My Plot review: On the Fence
Ah, another biopic about some musical superstar with a taste for booze, drugs and the ladies. Don Cheadle makes his directorial debut with Miles Ahead which yes, does feature a musician with a taste for booze, drugs and the ladies but is not the kind of biopic you're used to seeing begging for Oscar's come February-time.
Whilst the film does revert to format throughout its run time, Cheadle has instead decided to take an almost buddy-cop route to tell the story of jazz legend Miles Davis. Yes, you did read that right. Cheadle and McGregor are a roles reversed Murtaugh and Riggs as they take on a mission to recover a recording stolen from Davis during his years in hiding.
Weaved throughout the A-plot are the more conventional moments of Miles Davis rise to stardom, his marriage to Frances Taylor (played by the mesmerising Emayatzy Corinealdi) and its inevitable drug-fuelled collapse. If you took the main plot on its own, it's too silly to justify the incredible life of Miles Davis and yet if you take the flashbacks on their own, it's just too conventional to do justice to the creativity of the man.
"Instead, you are left with a schizophrenic piece of cinema that is impossible to hate, yet is just as hard to connect with on any kind of level."
Credit must go to Cheadle who almost pulls off this difficult balancing act, showing a steady hand behind the camera with a variety of fascinating shots. It may not entirely work, but he certainly has an eye for a good visual and often keeps the film moving at a steady pace. More impressive is his turn as Miles Davis, displaying a wild cool but with a talent for the quip. Together with Ewan McGregor (playing fictional journalist Dave Brill), a brilliant partnership is created which results in some big laughs amongst the chaos.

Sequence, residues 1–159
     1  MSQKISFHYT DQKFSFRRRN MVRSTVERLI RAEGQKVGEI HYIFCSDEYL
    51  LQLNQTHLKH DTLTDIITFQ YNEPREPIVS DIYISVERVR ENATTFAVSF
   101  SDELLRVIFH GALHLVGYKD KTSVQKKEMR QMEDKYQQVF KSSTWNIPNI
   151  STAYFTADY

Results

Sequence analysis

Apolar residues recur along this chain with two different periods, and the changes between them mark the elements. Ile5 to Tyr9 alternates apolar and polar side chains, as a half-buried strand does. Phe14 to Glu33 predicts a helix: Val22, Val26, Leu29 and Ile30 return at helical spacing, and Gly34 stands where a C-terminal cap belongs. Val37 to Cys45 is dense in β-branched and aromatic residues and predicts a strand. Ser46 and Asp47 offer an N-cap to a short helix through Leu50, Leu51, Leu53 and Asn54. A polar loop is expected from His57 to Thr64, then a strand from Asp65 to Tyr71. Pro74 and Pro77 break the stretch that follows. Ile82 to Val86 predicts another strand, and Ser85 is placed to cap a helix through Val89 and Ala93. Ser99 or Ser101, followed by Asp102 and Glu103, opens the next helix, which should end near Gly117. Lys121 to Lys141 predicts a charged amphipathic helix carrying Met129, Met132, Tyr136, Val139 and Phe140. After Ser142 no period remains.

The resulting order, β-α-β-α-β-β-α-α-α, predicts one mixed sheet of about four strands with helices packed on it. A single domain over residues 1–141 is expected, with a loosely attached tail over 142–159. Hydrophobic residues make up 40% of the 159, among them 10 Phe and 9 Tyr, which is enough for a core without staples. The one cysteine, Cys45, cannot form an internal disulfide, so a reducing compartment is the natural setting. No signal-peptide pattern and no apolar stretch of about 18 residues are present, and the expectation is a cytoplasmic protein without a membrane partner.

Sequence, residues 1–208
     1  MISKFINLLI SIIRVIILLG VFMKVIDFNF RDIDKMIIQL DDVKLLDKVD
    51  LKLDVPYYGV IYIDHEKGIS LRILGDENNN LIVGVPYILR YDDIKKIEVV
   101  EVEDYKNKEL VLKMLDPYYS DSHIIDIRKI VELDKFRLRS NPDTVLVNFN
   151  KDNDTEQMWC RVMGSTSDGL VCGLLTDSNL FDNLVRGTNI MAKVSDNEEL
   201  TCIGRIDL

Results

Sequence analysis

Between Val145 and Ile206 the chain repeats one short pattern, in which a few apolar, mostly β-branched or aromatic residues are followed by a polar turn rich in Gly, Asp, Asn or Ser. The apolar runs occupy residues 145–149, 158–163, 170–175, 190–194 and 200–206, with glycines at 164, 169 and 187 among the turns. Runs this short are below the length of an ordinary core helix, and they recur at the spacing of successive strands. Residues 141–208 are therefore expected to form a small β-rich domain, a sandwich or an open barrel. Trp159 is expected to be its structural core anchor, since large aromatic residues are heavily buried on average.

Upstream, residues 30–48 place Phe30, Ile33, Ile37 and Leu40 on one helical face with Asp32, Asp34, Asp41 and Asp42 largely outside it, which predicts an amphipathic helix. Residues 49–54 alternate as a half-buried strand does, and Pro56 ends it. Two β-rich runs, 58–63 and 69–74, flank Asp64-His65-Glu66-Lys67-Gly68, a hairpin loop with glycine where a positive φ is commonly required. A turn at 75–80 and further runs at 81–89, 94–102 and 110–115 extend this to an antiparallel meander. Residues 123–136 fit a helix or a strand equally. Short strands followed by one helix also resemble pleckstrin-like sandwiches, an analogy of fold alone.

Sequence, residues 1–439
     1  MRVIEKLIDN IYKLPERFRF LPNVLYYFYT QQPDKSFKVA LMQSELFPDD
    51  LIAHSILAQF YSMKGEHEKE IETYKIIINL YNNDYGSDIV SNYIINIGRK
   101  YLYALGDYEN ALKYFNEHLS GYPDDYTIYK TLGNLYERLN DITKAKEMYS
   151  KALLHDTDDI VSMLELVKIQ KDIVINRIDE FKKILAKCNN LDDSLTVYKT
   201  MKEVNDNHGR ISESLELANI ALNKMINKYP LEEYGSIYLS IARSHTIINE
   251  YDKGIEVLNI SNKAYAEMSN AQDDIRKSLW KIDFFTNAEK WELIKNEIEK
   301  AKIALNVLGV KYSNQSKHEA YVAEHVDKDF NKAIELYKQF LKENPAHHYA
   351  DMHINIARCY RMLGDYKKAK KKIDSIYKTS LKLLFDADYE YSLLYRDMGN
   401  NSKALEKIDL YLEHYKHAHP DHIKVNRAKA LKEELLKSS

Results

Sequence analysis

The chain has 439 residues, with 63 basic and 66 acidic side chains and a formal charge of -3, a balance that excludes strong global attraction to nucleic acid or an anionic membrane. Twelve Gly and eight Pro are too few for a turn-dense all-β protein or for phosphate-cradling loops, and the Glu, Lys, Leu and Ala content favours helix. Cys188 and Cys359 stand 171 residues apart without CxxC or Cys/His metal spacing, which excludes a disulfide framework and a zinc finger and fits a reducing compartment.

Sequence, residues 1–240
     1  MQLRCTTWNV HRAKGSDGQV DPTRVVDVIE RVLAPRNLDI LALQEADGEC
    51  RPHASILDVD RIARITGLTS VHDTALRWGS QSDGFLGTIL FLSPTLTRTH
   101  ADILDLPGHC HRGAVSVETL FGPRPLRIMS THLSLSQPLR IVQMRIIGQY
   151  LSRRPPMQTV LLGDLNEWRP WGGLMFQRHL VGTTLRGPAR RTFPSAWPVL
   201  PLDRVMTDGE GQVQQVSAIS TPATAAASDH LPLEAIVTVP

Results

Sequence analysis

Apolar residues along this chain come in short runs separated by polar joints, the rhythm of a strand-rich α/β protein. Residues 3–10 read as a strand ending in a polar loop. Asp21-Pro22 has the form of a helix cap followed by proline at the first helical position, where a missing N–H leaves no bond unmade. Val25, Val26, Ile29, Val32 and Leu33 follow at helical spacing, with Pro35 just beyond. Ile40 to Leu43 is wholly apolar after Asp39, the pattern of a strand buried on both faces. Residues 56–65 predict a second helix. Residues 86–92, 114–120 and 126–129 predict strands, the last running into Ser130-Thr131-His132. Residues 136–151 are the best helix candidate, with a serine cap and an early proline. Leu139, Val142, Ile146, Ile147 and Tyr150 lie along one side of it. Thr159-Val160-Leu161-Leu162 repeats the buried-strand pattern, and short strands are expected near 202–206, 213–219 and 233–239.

For every laugh however, comes a sour note. Cheadle does not sugar coat the fact that Miles Davis wasn't a particularly nice man. Genius? Absolutely, but a woman beating, drug abusing piece of crap all the same. After a while, the darker side of the film struggles to gel with the more light hearted moments resulting in a disjointed mess that unfortunately can not be saved.
I think I come down on the side of liking the film for the most part, there is just too much to like about it. Yet, it's also incredibly hard to recommend a film with so many obvious problems that prevent it from being a cohesive piece of cinema.
That said, there is enough on show for me to look forward to the next time Cheadle gets behind the camera. Hell, I'd probably be excited for a 'Bubba Ho-Tep'-esque adventure which pits Davis and Brill against some kind of demon, the partnership is that much fun.
The best jazz is filled with chaos and beauty, sadly 'Miles Ahead' suffers too many bum notes to declare a triumph.
Miles Ahead is released in the UK on April 22nd